Terror Alarm Turns Turkey From Best to Worst in Emerging Markets

Attacks close to the Syrian border have turned Turkey from the best to the worst-performing emerging market.

The lira and two-year bonds tumbled the most among 24 developing markets this week as a suicide bomb, the deaths of two policemen and clashes between Turkish soldiers and Islamic State militants fueled security concerns. Before Monday’s blast, the currency was the biggest gainer in emerging economies as two-year yields fell 55 basis points since Turkey’s June 7 election.

The turn in sentiment reflects the risk of Turkey getting sucked into neighboring Syria’s four-year civil war while it’s seeking to form a government after the inconclusive elections. After losing more than 3 percent this week to 2.735 per dollar, the lira will reach 2.8, which would be a closing-day record, according to London Capital Group’s Ipek Ozkardeskaya.

“The reemergence of geopolitical tension has diminished risk appetite for lira assets,” Ozkardeskaya, an analyst who predicted the currency’s depreciation from 2.1 in mid-2014, said by e-mail from London. “Hot money won’t stay.”

Prime Minister Ahmet Davutoglu said Islamic State, which controls vast swathes of Syria and Iraq, is the principal suspect for Monday’s blast that killed 32, the deadliest in Turkey for two years. HPG, a Kurdish military organization, said it killed the police officers for cooperating with Islamic State.

Clashes across the Syrian border on Thursday left one soldier and at least one militant dead, Turkey’s state-run Anadolu Agency reported. The clashes were ongoing in Turkey’s Kilis province as of 5 p.m. Turkish time, Anadolu reported. Two more Turkish soldiers were also wounded in the shootout, it said.

Escalating Tension

Two-year yields, which jumped 31 basis points this week to 9.95 percent at 6:57 p.m. Thursday in Istanbul, may rise to 10 percent unless the unrest in Turkey’s southeast subsides, Ozkardeskaya said. Russian two-year yields rose seven basis points to 10.7 percent this week. The lira fell for the third day in four to 2.734 per dollar, the weakest since mid-June.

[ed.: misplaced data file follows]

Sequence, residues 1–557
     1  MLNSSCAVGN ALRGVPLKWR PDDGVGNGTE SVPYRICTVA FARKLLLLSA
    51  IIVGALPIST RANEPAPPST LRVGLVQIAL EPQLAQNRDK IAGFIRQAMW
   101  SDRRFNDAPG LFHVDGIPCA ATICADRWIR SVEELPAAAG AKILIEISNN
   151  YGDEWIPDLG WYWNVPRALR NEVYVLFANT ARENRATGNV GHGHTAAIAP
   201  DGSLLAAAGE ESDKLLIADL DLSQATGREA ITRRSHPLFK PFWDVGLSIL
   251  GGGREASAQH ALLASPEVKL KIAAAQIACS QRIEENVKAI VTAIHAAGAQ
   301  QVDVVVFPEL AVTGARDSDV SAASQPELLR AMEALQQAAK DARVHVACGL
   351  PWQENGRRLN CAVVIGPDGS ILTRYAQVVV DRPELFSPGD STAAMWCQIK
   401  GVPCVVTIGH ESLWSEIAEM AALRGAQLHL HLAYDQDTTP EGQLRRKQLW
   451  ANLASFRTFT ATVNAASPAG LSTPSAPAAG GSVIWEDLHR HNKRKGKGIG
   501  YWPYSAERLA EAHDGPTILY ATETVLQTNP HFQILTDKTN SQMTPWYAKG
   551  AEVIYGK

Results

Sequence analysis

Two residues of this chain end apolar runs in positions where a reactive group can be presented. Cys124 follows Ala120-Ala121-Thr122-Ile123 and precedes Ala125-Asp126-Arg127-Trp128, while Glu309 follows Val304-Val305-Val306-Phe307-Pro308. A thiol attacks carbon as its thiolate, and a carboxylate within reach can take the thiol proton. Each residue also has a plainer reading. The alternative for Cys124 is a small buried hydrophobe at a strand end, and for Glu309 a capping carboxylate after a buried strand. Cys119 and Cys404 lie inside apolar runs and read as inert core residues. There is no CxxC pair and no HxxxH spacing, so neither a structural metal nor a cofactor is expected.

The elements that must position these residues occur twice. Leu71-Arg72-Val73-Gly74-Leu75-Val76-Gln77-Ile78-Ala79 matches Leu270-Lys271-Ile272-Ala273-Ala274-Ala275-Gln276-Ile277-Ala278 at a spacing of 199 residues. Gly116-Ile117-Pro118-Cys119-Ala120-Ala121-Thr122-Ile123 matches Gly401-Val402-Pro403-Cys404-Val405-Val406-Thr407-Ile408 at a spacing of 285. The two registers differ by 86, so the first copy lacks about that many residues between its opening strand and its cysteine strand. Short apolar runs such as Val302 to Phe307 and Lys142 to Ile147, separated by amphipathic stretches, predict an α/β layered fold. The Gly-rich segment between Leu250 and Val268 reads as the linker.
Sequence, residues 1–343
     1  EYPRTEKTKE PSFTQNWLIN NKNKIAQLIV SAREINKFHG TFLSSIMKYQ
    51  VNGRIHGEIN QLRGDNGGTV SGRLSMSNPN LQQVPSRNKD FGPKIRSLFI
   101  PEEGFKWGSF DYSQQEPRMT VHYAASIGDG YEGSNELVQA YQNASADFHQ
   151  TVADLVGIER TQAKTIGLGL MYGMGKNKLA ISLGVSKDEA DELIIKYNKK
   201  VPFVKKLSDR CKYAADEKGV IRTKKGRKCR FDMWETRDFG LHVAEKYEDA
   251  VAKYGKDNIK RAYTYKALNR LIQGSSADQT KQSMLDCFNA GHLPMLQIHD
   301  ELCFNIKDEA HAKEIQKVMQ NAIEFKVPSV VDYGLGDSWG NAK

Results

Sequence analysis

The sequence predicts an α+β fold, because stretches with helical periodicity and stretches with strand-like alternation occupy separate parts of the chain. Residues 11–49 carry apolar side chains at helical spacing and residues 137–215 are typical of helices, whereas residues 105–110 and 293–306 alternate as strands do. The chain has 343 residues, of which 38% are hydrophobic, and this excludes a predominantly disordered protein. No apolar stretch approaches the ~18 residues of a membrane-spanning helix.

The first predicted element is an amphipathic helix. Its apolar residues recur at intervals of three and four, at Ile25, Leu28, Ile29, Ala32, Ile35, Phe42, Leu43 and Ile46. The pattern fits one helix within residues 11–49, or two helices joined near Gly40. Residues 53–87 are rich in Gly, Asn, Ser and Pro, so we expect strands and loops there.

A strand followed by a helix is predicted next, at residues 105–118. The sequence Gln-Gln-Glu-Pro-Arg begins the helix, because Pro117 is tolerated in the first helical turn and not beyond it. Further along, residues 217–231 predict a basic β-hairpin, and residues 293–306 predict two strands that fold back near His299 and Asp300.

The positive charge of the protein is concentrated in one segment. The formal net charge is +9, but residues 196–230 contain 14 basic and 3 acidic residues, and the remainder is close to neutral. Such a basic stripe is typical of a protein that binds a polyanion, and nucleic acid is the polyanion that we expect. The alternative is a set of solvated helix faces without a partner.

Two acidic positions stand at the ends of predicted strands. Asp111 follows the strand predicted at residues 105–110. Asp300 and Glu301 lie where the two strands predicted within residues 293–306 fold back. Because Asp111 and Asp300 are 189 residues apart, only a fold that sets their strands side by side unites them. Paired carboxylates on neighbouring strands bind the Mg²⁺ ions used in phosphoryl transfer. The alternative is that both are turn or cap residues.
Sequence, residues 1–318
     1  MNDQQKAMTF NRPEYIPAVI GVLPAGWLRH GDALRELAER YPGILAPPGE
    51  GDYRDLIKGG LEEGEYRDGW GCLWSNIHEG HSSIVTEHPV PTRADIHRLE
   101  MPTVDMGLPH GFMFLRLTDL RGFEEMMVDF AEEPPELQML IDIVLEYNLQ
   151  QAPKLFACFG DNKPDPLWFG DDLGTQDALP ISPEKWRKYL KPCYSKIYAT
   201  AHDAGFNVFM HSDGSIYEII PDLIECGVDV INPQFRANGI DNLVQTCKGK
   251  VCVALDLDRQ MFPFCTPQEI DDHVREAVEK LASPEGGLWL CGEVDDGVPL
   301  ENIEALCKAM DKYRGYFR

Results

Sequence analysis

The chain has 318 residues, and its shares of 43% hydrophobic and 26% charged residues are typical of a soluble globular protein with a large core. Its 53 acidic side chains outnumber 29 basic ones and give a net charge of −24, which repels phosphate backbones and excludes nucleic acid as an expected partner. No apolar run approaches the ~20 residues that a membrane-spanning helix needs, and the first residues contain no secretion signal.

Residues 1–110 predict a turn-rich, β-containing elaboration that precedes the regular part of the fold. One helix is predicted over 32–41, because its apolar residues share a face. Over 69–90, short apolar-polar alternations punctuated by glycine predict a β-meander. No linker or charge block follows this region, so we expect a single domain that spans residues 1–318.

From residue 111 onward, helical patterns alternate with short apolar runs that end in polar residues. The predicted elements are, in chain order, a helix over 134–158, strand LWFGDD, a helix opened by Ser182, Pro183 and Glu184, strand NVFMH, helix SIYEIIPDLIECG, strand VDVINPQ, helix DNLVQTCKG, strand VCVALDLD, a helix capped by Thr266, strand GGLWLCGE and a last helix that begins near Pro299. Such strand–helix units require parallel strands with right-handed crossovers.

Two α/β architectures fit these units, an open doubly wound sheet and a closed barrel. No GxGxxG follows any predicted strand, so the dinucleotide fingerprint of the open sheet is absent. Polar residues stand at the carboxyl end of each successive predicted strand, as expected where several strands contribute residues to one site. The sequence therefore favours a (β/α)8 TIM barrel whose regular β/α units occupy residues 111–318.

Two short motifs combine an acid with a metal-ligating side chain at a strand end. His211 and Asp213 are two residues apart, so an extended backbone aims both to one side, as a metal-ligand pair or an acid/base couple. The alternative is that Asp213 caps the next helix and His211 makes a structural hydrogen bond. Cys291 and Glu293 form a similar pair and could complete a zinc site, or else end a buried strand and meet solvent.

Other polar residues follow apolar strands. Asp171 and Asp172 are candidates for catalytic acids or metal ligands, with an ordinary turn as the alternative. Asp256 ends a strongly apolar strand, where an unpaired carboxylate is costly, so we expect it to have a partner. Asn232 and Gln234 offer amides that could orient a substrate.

“The prospect of further escalation in geopolitical tensions will be another factor supporting the upside trend in the dollar against the lira,” Piotr Matys, a London-based foreign-exchange strategist at Rabobank, said by e-mail Wednesday.

The lira closed at an all-time low of 2.75 per dollar in June after the ruling AK Party lost its parliamentary majority after 13 years in power.

Amid the lack of clarity over which parties will form the next government, setting economic policy, central bank Governor Erdem Basci kept Turkey’s three main interest rates unchanged on Thursday.

Coalition Talks

The lira and bond prices had been recovering as the ruling AKP said it would try its best to form a coalition government as recently as last week.

The jihadist attack in the Turkish town of Suruc is a sign that the government’s foreign policy toward Syria is flawed and needs changing, Haluk Koc, the deputy head of the main opposition Republican People’s Party or CHP, said Tuesday. CHP is AKP’s most likely coalition partner, according to Prime Minister Davutoglu.

“The bombing adds another layer of stress to an environment already tense from the coalition talks,” Ozkardeskaya said. “Given the political rhetoric, we can expect all the gains we had seen in the lira to be reversed within the coming weeks.”

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